Well, Obama would say that the bipartisan spirit, above the fray, is where the highest belong, and he has indeed to do nothing, while filling his pockets; it is just another form of the GDP mentality. In truth, civilizational Trojans have nothing to say: Thry are just rolled in by the naive, and regurgitate their deletrious contents in the middle of the night.

Verily, just the opposite is true. One opposes the fray, one does stand above it like a cloud. One opposes the fray, by going into the fray: “I welcome their hatred“, as FDR said.

Thus, what is needed is not the coolness of Obama, claiming implicitly that nothing untoward is happening. Quite the opposite: plenty of contempt is what is needed. Too many people are getting away with base, stupid, even racist comments. Which are not considered so, because of the stature of the offender. How is stature determined? Once again, from GDP. Extremely well paid pundits commanding high incomes are taken seriously because of this, and the power TV gives them.

There have been zillions of such examples since 9/11. For example, that bin Laden was a renegade CIA employee was systematically erased.

A prominent example, rich in dreadful consequence, was Obama laughing that Sweden nationalized its banks because it had “only 3 or 4 banks” [laughter]. That was a total lie. Sweden needed to nationalize just 2 mega banks, as the USA needed to nationalize just a handful.

Racism has its advantages that reason has not. After exuding spite on Sweden, and thus the Swedish idea of handling the property of the People right, Obama gave crooked bankers all the public money they wanted, without asking anything in return. Great man. Or maybe just great horse.

Telling it as is, and heaping spite on stupidity, and the worshipping of the basest instincts, is now a moral order. Respecting imbeciles, and imbecility, is evil. Because crime is never far removed from imbecility unbound.

Superiority is not arrogance, if it can be justified. Real superiority is what the best ideas are made of.


And why has education gone down, instead of going up, as needed?

Because education went down; watch Michelle Bachman, a neurologically smart, culturally idiotic, know nothing who won the republican sort of election in Iowa (to run for president, no less: dumb gets dumber!) OK, maybe she scored because she attacks Obama fiercely, as deserved! Thus dumb brings dumber.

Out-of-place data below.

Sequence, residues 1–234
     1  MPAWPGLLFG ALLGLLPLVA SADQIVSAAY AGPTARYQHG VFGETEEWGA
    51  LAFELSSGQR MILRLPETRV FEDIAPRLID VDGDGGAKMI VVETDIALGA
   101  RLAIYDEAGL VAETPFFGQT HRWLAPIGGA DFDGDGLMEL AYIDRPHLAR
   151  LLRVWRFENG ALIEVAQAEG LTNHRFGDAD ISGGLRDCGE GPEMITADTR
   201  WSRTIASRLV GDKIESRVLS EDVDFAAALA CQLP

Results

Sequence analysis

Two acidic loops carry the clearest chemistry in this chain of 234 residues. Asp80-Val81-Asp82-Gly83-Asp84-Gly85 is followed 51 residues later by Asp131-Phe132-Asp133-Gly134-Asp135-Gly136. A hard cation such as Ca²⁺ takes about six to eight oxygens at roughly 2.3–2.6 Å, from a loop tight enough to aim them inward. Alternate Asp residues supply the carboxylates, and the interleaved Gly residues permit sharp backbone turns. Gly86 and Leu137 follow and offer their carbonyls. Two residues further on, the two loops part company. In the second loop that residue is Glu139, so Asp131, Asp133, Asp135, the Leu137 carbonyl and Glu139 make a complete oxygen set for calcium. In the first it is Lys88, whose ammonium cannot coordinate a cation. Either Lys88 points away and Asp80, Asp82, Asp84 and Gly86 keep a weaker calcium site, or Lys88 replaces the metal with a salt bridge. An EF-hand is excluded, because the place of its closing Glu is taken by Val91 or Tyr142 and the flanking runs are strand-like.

The world is sick with a grave attack of global plutocracy. See how the plutocracy leveraged for its own profit the crisis of 2008, that it had itself created. Speaking of leverage, the fractional reserve system allows bankers to create money nearly as they wish, and, contrarily to pre-plutocratic times, they are allowed to keep the money to themselves. When did you see one of the supposedly left wing economists (Krugman, Reich, etc.) mention this?

Thus there is not enough money, in other words, capital, for most people and the institutions supporting people. Such as education.

But this is no coincidence: education sponsors revolution. Plutocracy fears only revolution.

The Chinese students who are so good in math profit from a superlative math teaching educational system. One of the last aspects where the People’s Republic justifies its name. Those opportunities are not available anymore in the USA. Why?

Because the plutocrats fear revolutions, and the best way to prevent such unhappy occurrence, from their evil perspective, is to bring up masses of young people who know nothing, and have lost even the notion of being elevated in their desires.

The plutocrats have been very successful that way. In the USA. “Cut & Paste” Obama is a case in point; his heart has not been educated, and he believes in nothing, as his ideas, short of making a billion dollars for himself, come too short to support lofty beliefs. Hence his dependence on the teleprompter, as even Michelle Bachman, the ever more popular cultural idiot who makes an asset to not believe in the biological theory of evolution, points out. Correctly.

In China, the plutocratically serving dictatorship maintains order with a firm hand, so the youth is allowed to gather some advanced technical knowledge. The dictatorship has it easy, as the condition of the Chinese People is increasing by leaps and bounds.
Whereas the West is slowly boiled by plutocracy, as happened to the Roman Republic, 22 centuries ago. Yes, time flies. The USA was down rated because it has too much Gross Demonic Proclivity to dig itself out of the hole it is busy deepening, from its domination by the basest instincts, and the passivity of its own population, which bleats, but does not flinch, as it is fleeced. Even  instruments of plutocracy such as rating agencies had to admit this, to keep a semblance of authority.

High time for a revolution.


Patrice Ayme


August 6, 2009


Abstract: The USA is encumbered with myths, which have serious impact on the economy and the sociology, not just of America, but of the entire planet. We destroy three of them. And we point out a more general truth: if the People of the USA want to progress, they ought to push their government to observe that the three dozen countries in Europe, and especially the biggest richest, and most democratic, have plenty of excellent ideas, and found ways to implement them.

Otherwise it will be more of the same, and the USA will keep falling out of the competition of ideas, with ever more deleterious effects, for all concerned, who happened to be the entire planet.